I got in touch with H, as she was flying into Manila from Borneo after a week's trekking. She knew Dean better, and it made more sense for her to go see him. We were under the impression at the time that the girl who'd been killed was a local he'd fallen in love with. H was quite shocked to walk into the hospital room to find the girl who'd visited Coron eating pizza and watching TV, and said she'd thought she was dead? It became clear that this girl had come back on the scene after the accident, and had possibly been sent by the madam of the floating bar to make sure Dean was not leaving; with two broken vertebrae and a fractured foot, this was unlikely.
Within hours, H found herself in a situation which did not sit well with her. A local from Coron had asked a friend in Olongapo to help, and he was doing all he could. Waton explained that the dead girl was not registered at the bar, and the madam and her henchmen wanted Dean out of the city as soon as possible, before the police started looking into her activities. Waton also told H that they would have to buy the police evidence and photographs of the crash scene, effectively erasing the incident, and then meeting the family to negotiaite a settlement. Often, working girls are disowned by the family, but they will still require compensating for their deaths. H is a social worker back home, and told me in an emotional phone call that she could not go through with it. On arrival, she thought Dean had tragically lost a lover, the reality was he'd been involved in the death of a young hooker, and the vultures were circling. She decided to leave and let Waton handle the business, but felt she was letting Dean down and worried everyone in Coron would think she'd abandoned him. This clearly was not the case: Waton had things under control, as long as Dean wanted to be helped.
H had clearly been upset by the fact that Dean was asking how he would recover his motorbike and helmet, and was concerned about his dive gear at the shop in Olongapo. The bike and helmet should have been the last things he'd want to see. A phrase he used implied he was lucky that the girl had no immediate family in the city, and that it should make things easier to settle. He also mentioned the fact he may still be able to make the Truk Lagoon trip. Strange things to consider with a dead girl on your conscience.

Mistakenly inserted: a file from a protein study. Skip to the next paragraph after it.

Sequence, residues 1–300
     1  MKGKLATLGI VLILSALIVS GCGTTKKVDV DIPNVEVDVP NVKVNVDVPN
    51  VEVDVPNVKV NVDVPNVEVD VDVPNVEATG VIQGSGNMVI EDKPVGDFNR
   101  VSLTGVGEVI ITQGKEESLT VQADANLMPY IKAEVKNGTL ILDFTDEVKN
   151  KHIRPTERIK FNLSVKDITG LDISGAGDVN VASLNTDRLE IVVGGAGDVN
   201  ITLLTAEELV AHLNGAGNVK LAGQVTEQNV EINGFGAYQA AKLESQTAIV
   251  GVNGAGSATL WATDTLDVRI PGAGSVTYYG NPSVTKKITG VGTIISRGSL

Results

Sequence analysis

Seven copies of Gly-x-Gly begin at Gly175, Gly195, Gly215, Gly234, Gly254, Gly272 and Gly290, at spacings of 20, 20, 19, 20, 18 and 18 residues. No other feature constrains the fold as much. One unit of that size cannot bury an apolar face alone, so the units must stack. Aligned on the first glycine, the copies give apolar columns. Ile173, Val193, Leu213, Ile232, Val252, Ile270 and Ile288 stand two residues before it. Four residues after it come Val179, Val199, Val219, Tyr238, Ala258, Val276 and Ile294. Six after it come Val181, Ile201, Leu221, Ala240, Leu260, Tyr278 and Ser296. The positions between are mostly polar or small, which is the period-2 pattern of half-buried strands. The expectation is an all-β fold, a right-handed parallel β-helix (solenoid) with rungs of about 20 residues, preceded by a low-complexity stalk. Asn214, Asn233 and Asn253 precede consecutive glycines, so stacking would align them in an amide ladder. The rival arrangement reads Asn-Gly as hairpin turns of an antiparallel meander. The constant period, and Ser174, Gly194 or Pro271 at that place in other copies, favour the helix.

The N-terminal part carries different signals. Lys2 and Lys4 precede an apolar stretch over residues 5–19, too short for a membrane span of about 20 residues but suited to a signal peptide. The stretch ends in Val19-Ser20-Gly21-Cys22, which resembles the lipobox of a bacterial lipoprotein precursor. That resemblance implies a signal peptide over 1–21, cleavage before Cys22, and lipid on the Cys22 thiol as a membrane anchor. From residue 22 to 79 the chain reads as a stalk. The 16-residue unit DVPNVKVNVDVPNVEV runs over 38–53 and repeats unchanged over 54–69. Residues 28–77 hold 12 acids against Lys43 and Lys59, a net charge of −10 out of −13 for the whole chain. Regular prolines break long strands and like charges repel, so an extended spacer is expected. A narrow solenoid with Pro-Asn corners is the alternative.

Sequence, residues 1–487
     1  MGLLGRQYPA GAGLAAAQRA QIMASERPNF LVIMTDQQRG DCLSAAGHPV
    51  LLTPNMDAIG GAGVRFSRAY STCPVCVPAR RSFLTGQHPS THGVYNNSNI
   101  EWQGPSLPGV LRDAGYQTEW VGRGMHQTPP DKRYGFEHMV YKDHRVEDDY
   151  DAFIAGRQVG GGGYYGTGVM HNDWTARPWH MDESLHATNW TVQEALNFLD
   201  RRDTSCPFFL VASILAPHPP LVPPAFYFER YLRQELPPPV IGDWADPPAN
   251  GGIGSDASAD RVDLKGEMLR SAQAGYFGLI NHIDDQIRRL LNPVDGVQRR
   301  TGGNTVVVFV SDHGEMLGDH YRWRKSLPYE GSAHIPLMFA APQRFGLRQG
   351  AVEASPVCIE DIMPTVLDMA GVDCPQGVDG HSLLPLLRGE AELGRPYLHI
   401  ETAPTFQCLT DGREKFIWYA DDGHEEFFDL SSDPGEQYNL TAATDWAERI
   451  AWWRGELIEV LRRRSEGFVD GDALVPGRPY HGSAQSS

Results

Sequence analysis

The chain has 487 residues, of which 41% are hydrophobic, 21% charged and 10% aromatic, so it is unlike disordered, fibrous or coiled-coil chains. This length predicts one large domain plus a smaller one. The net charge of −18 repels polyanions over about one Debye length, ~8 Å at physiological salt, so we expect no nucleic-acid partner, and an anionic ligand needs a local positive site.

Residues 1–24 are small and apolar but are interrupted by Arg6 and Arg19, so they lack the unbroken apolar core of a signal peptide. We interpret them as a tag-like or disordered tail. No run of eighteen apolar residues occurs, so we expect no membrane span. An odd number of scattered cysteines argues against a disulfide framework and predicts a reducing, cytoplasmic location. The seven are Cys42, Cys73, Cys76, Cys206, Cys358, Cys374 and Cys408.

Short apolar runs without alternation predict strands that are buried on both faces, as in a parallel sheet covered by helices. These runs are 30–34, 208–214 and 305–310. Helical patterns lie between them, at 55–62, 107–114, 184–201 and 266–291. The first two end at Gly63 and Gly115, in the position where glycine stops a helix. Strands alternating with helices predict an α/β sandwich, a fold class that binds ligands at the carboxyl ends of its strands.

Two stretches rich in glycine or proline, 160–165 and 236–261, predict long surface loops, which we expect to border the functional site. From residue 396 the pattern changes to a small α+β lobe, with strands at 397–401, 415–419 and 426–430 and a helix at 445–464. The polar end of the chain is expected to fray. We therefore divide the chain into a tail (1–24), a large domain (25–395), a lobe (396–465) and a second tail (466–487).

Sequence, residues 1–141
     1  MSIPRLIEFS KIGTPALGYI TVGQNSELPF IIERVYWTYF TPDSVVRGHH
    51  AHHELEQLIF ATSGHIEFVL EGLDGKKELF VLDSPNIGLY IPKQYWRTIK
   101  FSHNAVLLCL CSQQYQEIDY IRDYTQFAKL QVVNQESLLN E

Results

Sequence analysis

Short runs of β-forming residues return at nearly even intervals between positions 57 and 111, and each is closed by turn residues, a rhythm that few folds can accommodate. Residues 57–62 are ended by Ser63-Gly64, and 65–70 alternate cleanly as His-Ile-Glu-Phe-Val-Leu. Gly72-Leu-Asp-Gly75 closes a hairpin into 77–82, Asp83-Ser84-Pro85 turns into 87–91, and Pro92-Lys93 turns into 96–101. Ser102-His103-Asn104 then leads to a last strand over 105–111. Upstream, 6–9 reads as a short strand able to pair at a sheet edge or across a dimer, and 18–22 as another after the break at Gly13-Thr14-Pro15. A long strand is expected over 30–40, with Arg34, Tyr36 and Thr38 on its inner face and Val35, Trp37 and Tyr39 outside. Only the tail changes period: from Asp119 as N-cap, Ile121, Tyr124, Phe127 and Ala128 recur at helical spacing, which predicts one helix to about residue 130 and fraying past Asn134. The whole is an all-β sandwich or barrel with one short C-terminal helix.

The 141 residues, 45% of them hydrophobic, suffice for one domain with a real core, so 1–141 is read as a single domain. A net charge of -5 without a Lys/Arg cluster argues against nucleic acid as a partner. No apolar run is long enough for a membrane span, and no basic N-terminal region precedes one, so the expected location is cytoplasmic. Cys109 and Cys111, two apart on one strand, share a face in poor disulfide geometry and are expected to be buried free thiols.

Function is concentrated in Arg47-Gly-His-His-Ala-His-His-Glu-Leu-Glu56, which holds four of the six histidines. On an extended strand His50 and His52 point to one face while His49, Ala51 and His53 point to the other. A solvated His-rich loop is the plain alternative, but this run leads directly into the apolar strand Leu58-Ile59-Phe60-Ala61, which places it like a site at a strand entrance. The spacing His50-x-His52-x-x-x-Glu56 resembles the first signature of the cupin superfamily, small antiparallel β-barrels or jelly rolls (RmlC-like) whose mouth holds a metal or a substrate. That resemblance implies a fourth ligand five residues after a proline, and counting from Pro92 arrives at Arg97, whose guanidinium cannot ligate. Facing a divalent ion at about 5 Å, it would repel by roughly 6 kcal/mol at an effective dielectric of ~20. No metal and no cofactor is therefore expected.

Life can change pretty quickly, and this is a tragic example of that. And life is cheap here, the blood money being a tenth of Dean's hospital bill. There's a family in Olongapo which considers the matter settled, and an orphan with an uncertain future. Dean's future is also uncertain: I hope he recovers from his spinal injury, and that time heals the mental scars; it won't be easy. He'll have to learn from this experience: a life-changing one. The last I heard, he'd made it back to the States, where they'd had to re-break his foot after the Pinoy doctors had botched the op; he's lucky they didn't operate on his spine, so hopefully he'll walk again.
Some of you may think this tale should not have been published, but it had a big impact on me...and I'm just telling it as it happened. I've tried not to be too judgemental; it was an incident which could have been avoided, with many contributing factors. If nothing else, it's a sobering example of how you just don't know what is around the corner in life.